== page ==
Kdenlive is an intuitive and powerful multi-track video editor, including most recent video technologies. Our software is completely free, as defined by the GNU foundation. Using Kdenlive is investing in a community driven project, which aims to establish relationships between people in order to built the best video tools.
The release of Kdenlive 0.8.2 was slighlty delayed due to the discovery of a blocking issue that required last minute changes in MLT and Kdenlive.
I want to make sure that those changes don't cause regressions, so the idea is to ask users to test the latest Kdenlive development version (available for Ubuntu users on sunab's experimental repository). I am especially concerned about problems occuring when opening old Kdenlive project files.
Once we have some feedback and manage to fix a few remaining issues, we will release Kdenlive 0.8.2, which should hopefully happen around the 13th of august.
We are now in string freeze, so if you are interested to help translating Kdenlive in your language, get involved.
After that release, we will be moving to KDE's infrastructure to be part of KDE multimedia, and work on the refactoring branch to clean up the code and make it easier to understand / maintain / contribute.
While working hard in Randa, I implemented a feature that will make everyone happy: automatic backup of your project file!
We had a few reports on the forum of broken project files that were not recoverable. This is not a frequent issue, but losing all the work you have done on a video editing project is not fun! So after a short discussion with the Kdenlive team, here it is!
With this feature, every time you save your project file, instead of overwriting the existing version, it will create a dated backup of the previous version. In the Project menu, you will now have an Open Backup File entry that will bring up the dialog pictured here.
In the backup dialog, you see a list of all backuped versions of your project file with a nice screenshot of the timeline at the time the backup was made. You can then open any of the backup file to recover a previous version.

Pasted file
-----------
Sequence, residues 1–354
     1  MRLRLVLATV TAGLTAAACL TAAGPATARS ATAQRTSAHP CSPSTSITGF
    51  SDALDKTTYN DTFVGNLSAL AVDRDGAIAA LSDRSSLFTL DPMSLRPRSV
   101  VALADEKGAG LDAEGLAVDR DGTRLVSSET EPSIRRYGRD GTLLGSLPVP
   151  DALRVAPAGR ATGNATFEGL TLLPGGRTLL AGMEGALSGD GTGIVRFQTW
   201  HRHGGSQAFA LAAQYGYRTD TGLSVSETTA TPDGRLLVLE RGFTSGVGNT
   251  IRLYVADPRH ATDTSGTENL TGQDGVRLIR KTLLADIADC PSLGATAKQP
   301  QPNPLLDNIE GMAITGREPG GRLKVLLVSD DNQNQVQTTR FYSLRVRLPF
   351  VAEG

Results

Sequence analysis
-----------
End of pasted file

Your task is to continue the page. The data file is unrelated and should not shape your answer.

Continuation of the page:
This is in svn and will be part of the next Kdenlive release.
A big thank you to all the people who made the Randa Sprint possible and so enjoyable!
At the moment nearly the whole Kdenlive team is hacking in Randa, Switzerland, at the KDE Sprint 2011. Don’t believe it? Here is the proof:
(From left to right, ttill, xzhayon, j-b-m, Granjow.) So, as you can see, we are totally busy coding and writing the manual. The main activities are:
Big refactoring which will improve our code base in terms of maintainability and (for new coders) readability. We created a new branch for the refactoring. When refactoring is complete, we should also be able to write some automated tests.
User manual; we are now definitely moving to KDE Userbase which is based on MediaWiki (you all know this from Wikipedia). It will also simplify translation. The first version of the Quickstart tutorial is already online.
GIT will be our new version control system at KDE multimedia.
That’s it so far! We’ll go back coding now. — Your Kdenlive developers
Several Kdenlive developers will meet in the next days in Randa (which will host a big KDE sprint) to exchange ideas and discuss about Kdenlive's evolution. I hope that we will come up with some great ideas, we will keep you informed!
So … this all started when a friend, Melanie, was working on her final paper about Light Graffiti and showed me the video below around mid-September.
Light Painting, also known as Light Graffiti or (partially) Lumasol, is so easy with a photo camera. You take a dark room, use a low shutter speed (several seconds), and paint in the air.
But what about video? You cannot decrease the shutter speed to one frame per minute. Therefore it is not possible.
This really made me think a lot. Actually for several weeks.
After a few minutes of research, I found that the effect used to create the video seems to be kept secret. (At least I couldn’t find any technical information about it.) After some additional research, I read that they actually did this effect in hardware (i.e. programming some camera chip) — but this was after I’d already written this blog post. (Actually, I’m not sure whether it is truely in hardware; some effects suggest that it was done in post as well, like in the part where you only see the light but not the painter.)
Nevertheless, the idea was fascinating, so I decided to start writing an effect frei0r filter that would do the same. It couldn’t be that hard.